On October 22, the Central Bank of Russia raised its key rate by 75 basis points, surpassing market analyst expectations. The key rate now stands at 7.5 %. The CBR began to tighten its monetary stance in March and has since increased the key rate six times. In its forward guidance, the CBR did not rule out the possibility of further hike at its next meetings.
The CBR mostly explained the decision to hike by a greater-than-anticipated acceleration in inflation. 12-month inflation hit 7.4 % in September (up from 6.7 % in August), a level well above the CBR’s 4 % inflation target. In September food was up 9.2 % (y-o-y), other goods (8.1 %) and services (4.2 %). Russian inflation has not been this high since February 2016.
The acceleration in inflation has been driven by the failure of supply to keep up with the stronger-than-anticipated rebound in domestic demand from the covid-19 crisis in 2020. At the same time, the unemployment rate is record low and growth in bank lending is strong. Surging global commodity prices continue to fuel inflation. Moreover, the inflation expectations of firms and households have risen to record levels. For example, in October household inflation expectations for the next 12 months were 13.6 %, a level not seen in five years.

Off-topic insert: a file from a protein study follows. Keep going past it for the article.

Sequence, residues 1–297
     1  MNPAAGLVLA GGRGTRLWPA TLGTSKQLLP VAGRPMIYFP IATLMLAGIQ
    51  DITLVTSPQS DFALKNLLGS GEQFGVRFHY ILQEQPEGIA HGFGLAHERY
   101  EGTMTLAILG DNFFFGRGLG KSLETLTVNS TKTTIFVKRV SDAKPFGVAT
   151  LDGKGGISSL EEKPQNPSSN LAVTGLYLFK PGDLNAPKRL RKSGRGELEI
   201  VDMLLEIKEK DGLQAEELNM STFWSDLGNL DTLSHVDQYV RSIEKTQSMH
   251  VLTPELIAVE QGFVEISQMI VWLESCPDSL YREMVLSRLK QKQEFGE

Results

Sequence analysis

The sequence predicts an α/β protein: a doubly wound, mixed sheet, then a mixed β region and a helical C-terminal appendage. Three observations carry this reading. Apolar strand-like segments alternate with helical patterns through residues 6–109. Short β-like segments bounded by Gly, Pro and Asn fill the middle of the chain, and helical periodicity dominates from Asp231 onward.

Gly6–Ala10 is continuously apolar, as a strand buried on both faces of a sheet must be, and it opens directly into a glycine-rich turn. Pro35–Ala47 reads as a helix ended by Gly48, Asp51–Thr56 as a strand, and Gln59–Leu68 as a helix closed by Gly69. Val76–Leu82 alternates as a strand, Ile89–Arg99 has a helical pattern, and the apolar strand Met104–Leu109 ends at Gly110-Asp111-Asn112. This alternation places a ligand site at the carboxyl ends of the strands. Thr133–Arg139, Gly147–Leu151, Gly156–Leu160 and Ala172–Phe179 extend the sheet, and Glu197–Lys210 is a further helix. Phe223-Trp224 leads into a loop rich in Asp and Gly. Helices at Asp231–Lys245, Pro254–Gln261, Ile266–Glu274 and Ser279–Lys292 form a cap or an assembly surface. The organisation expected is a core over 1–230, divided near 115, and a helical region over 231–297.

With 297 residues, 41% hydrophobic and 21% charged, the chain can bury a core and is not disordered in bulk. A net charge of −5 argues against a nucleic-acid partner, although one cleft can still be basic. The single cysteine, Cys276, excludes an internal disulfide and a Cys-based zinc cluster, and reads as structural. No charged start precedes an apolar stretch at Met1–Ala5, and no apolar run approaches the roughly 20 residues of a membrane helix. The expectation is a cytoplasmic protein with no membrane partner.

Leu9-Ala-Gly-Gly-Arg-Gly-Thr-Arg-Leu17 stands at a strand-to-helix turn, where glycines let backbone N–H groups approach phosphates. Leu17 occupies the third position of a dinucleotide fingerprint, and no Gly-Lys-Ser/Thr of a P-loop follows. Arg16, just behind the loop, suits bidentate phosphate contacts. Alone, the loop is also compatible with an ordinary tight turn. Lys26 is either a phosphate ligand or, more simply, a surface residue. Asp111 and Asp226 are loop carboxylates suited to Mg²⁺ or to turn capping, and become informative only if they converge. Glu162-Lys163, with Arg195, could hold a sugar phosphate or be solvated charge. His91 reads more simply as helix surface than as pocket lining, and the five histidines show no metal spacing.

The CBR also released its October forecast for the Russian economy in the years 2021 to 2024. The GDP growth forecast was unchanged from the previous July forecast, i.e. the CBR still expects annual GDP growth of 4‒4.5 % in 2021 and 2‒3 % p.a. in the following years. Due to the acceleration in inflation and elevated inflationary factors, the central bank now expects 12-month inflation to reach 7.4‒7.9 % (up from 5.7‒6.2 % in the July forecast) by the end of this year. The forecast sees inflation running at 4–4.5 % at the end of 2022 and thereafter remaining close to the CBR’s inflation target of 4 %. The CBR forecasts the average of the key rate to be in the range of 7.3‒8.3 % (6‒7 % earlier) in 2022 and 5.5‒6.5 % (5‒6 %) in 2023. The neutral rate of interest for the Russia economy is currently estimated to be around 5‒6 %, which would mean that, on average, the monetary stance would be somewhat contractionary next year.
The CBR again raised its key rate following rising inflation
Sources: Macrobond, Central Bank of Russia, Rosstat and BOFIT.